Here at Positive Performance, our business circles around one big question:
The answer isn't so simple, involving a really broad set of answers that reach into various facets of athletic and mental training.
But, in the spirit of this season of giving thanks, I’d like to talk a bit about how thankfulness affects performance. Mostly, being grateful means you have to...
Within our mental training program, we teach a principle called ‘Belief in a Purpose’. Essentially, this is about playing and living for something beyond the scoreboard.
For some people, this “something beyond the scoreboard” might be their religion, personal growth, or spirituality. For others, it might be about the pride of a job well done, the challenge of hard work, or the joy that comes from being a part of a group working towards a common goal.
It doesn’t matter WHAT the purpose is. It matters HOW that purpose...
Change happens on a cellular level. The gist is this: we all get hooked on hormones. For example, if you are used to being stressed all the time, your cells not only adjust to the high levels of cortisol (that’s the “stress hormone”) in your system, but you actually begin to like it, and then need it.
In short: you get “addicted”.
Ever feel weird while or shortly after relaxing, after experiencing a lot of stress? It’s because you’re on withdrawal; your downtime has literally become your rehab.
The same thing happens when you workout a lot: you get used to working out, your body produces and gets used to “consuming” dopamine and serotonin, and then proceeds to whine about not having those hormones when the workouts stop.
Personally, I've always had a hard time taking a real vacation (to the complaints of my wife). Going from high stress/high stimulation environment to peace and quiet was unsettling.
I was programmed for stress...
Fitness resolutions are some of the most common, and toughest, goals people create for themselves. Why is that? Well, likely because “fitness” doesn’t involve just one specific thing, but a whole slew of miniature commitments that all must be taken seriously for the ultimate goal to be achieved. And, when those smaller components aren’t taken seriously, that’s when excuses creep in to mess up those good intentions.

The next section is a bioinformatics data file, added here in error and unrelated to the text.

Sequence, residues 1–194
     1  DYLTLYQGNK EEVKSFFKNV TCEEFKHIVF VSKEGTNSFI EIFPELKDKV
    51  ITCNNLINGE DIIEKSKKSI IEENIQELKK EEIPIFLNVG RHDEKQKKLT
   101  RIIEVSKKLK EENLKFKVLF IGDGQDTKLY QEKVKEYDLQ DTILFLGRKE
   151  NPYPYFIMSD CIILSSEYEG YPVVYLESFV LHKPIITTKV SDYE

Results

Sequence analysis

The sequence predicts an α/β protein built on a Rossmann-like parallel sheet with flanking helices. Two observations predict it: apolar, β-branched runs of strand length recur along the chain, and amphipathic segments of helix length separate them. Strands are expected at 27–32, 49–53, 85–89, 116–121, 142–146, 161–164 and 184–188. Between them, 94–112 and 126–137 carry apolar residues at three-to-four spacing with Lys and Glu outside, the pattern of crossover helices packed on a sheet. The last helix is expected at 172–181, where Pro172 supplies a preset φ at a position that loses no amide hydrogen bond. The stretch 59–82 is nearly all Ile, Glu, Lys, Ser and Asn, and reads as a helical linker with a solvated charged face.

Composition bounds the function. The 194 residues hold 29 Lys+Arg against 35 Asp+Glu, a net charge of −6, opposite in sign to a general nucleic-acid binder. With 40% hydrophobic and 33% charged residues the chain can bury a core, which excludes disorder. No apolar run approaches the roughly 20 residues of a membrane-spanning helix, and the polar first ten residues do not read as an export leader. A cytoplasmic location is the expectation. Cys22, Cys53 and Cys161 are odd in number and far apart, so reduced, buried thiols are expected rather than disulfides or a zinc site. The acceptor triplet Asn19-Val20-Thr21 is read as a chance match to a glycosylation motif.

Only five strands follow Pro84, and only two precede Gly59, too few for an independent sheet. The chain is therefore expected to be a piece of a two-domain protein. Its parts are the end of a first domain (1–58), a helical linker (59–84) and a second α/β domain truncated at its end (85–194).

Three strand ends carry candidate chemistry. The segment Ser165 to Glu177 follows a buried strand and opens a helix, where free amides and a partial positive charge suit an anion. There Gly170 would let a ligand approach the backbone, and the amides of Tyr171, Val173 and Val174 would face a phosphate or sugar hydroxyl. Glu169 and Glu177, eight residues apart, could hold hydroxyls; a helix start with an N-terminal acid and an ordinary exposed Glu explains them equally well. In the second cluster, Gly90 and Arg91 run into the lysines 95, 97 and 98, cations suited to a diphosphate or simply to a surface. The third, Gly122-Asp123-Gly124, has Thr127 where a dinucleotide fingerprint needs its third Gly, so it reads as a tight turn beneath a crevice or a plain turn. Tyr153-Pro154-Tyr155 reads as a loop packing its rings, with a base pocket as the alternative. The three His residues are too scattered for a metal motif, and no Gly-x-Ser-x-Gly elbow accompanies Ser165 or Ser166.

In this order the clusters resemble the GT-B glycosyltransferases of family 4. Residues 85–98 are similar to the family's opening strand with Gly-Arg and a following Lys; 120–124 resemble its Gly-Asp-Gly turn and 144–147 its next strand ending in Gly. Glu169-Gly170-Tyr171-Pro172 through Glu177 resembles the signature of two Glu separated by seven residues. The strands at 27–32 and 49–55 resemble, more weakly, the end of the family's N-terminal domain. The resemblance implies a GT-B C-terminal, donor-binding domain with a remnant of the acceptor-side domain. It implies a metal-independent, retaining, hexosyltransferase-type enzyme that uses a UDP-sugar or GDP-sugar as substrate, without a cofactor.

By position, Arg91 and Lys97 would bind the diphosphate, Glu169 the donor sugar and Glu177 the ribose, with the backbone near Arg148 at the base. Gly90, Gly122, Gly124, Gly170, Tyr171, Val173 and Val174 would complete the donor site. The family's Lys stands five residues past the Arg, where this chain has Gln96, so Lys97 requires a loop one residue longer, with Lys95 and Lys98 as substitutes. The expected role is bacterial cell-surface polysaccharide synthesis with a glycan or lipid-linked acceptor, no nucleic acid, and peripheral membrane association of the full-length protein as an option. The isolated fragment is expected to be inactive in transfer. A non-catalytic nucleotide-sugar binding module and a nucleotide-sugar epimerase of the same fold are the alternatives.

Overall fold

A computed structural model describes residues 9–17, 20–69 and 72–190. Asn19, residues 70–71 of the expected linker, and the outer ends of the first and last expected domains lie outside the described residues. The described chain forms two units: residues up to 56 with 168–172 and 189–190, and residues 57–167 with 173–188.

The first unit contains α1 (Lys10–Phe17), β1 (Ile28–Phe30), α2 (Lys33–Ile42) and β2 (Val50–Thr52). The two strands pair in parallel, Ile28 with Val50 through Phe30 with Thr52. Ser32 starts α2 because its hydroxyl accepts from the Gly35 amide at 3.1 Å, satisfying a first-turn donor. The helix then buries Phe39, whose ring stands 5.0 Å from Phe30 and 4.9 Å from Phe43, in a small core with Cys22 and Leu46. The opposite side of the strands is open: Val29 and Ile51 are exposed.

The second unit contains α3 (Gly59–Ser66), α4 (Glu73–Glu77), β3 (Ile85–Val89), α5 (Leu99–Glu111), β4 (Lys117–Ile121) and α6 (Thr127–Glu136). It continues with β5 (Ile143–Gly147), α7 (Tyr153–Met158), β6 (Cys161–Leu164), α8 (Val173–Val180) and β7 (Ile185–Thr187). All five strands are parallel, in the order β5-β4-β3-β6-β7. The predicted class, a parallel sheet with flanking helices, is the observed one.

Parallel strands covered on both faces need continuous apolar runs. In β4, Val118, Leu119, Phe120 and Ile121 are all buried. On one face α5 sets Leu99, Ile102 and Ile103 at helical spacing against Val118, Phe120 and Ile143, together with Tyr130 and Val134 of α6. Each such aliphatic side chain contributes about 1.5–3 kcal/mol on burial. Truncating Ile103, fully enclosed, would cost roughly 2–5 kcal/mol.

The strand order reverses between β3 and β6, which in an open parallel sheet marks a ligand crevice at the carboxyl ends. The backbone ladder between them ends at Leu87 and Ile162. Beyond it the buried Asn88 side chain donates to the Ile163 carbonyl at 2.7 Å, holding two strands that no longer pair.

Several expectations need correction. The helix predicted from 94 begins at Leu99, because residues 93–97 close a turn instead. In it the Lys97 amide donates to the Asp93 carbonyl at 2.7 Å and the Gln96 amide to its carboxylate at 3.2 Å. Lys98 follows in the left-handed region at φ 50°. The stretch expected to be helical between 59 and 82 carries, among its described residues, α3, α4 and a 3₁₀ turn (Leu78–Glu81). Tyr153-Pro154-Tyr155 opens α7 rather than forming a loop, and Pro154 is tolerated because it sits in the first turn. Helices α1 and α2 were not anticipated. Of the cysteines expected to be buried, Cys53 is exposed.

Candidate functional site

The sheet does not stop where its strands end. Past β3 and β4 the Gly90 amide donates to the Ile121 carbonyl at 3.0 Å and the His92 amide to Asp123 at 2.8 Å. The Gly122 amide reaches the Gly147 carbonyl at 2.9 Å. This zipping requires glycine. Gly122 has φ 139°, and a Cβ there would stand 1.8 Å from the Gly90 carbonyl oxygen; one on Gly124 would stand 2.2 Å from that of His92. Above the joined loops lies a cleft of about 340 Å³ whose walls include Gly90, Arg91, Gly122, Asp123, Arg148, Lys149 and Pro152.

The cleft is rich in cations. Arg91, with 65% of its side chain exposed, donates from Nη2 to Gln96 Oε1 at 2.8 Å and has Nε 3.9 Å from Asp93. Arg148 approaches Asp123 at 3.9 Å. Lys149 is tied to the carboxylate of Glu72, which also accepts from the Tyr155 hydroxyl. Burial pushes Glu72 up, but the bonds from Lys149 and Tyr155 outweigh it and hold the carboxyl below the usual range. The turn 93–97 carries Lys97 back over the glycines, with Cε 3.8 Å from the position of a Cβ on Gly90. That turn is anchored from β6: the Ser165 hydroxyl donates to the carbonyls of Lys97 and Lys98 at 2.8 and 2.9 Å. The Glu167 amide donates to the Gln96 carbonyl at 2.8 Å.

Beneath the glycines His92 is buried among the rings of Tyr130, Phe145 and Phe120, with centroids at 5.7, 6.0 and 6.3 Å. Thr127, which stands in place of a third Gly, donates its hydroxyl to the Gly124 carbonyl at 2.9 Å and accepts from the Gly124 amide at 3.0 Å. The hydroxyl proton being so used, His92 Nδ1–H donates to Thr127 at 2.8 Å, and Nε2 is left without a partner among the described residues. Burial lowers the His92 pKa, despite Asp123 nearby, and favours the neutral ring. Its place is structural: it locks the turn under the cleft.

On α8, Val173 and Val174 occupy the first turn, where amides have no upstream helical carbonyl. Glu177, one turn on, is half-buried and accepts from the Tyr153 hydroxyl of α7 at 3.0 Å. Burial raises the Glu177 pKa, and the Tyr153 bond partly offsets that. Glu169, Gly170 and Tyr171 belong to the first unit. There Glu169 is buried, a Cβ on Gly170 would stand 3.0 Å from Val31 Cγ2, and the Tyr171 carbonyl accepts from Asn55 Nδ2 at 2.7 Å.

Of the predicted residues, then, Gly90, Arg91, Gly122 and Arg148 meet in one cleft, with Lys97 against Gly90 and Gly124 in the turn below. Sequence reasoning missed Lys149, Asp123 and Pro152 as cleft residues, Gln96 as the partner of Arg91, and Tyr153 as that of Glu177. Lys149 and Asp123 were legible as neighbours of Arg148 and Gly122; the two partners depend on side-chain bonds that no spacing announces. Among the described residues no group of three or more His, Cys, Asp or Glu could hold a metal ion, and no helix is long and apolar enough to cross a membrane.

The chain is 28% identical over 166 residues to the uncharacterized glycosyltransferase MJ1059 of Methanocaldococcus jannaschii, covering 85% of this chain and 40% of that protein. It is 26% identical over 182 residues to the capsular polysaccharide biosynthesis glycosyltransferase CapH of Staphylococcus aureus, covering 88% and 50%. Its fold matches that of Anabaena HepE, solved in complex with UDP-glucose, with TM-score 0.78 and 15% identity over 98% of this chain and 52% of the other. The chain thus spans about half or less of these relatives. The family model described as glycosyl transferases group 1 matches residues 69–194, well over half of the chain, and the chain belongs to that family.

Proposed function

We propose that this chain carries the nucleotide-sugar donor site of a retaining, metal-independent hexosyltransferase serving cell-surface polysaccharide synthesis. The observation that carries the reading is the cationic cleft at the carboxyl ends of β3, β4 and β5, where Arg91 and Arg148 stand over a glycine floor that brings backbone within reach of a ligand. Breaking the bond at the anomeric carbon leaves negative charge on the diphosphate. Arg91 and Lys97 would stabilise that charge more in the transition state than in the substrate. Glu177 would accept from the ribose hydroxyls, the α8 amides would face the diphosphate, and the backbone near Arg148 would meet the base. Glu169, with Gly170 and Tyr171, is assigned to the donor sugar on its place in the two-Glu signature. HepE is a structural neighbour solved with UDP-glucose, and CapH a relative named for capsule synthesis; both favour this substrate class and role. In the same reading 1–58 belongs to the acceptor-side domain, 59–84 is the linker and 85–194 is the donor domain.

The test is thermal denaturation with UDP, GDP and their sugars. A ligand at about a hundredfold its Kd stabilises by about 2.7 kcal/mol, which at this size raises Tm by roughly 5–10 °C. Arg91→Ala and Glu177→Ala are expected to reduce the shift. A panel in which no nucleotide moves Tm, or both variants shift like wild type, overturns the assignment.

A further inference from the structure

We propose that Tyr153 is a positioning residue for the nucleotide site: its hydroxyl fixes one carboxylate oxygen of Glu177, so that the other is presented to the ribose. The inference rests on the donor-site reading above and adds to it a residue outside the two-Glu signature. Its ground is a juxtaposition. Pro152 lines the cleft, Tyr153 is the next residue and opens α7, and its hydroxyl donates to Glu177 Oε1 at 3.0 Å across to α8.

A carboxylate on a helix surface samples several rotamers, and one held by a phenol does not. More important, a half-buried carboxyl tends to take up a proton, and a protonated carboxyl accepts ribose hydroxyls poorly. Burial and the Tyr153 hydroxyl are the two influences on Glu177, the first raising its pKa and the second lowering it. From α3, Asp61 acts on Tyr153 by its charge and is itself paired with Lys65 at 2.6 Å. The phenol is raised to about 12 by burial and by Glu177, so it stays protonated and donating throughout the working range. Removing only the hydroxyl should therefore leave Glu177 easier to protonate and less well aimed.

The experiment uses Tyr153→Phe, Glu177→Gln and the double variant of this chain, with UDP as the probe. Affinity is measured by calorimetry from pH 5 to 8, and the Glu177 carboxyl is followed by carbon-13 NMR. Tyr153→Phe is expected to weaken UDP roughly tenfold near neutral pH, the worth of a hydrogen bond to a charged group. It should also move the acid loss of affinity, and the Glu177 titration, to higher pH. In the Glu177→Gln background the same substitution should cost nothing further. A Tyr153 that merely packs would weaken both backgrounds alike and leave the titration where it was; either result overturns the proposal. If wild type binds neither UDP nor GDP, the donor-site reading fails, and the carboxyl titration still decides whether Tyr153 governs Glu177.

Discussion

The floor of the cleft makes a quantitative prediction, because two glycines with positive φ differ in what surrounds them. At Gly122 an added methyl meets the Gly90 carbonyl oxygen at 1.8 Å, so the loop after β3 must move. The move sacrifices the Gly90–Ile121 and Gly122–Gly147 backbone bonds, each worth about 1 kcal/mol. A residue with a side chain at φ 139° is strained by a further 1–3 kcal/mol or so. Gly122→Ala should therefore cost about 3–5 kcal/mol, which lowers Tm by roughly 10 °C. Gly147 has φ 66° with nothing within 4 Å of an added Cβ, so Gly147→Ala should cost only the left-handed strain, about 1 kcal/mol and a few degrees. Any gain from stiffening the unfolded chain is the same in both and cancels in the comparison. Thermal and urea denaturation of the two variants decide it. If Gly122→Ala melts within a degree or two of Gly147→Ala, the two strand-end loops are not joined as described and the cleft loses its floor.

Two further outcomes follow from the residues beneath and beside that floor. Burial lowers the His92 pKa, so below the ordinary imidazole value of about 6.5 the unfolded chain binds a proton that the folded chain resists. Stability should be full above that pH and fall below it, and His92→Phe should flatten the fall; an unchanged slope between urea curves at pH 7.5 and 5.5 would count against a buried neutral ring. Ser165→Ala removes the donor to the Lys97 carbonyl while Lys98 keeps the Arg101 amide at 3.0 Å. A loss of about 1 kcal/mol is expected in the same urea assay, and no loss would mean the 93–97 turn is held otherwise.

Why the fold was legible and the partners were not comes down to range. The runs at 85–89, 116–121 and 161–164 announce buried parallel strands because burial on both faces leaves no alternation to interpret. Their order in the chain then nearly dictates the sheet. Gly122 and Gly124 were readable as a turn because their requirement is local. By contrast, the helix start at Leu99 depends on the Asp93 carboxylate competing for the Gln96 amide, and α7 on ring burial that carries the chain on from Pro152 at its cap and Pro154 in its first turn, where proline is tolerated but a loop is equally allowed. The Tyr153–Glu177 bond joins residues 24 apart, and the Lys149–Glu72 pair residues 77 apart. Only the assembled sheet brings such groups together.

One of the main reasons why 92% of people fail to achieve their New Year’s fitness resolution is because they’ve improperly considered the actual goal they've set for themselves. In other words, the goal is too vague; the resolution is actually composed of several explicit goals rolled into one.
For instance, we all know “getting fit” doesn't happen by a flip of a switch! There are lots of factors and sub-factors to consider, like…
With the switching of calendars comes the all too common New Year’s wish:
Many people’s New Year’s Resolutions refer to weight loss, a career change, or a new outlook on life. But, for athletes and coaches, what does “change” really mean? Does it refer to something that can be seen or touched, like a different workout regimen, a new schedule, an alteration of pace or program? Or does it mean something less material, like a switching of attitude or perspective about the game overall?
Any of these things can affect an athlete’s performance for better or worse. But, without solid performance goals set in place, measuring those changes will be difficult and possibly even pointless.
Human beings are natural record keepers. We like to know where we’ve been so we can know where we’re going. From warfare to finances to relationships, recordkeeping, whether written down or merely kept...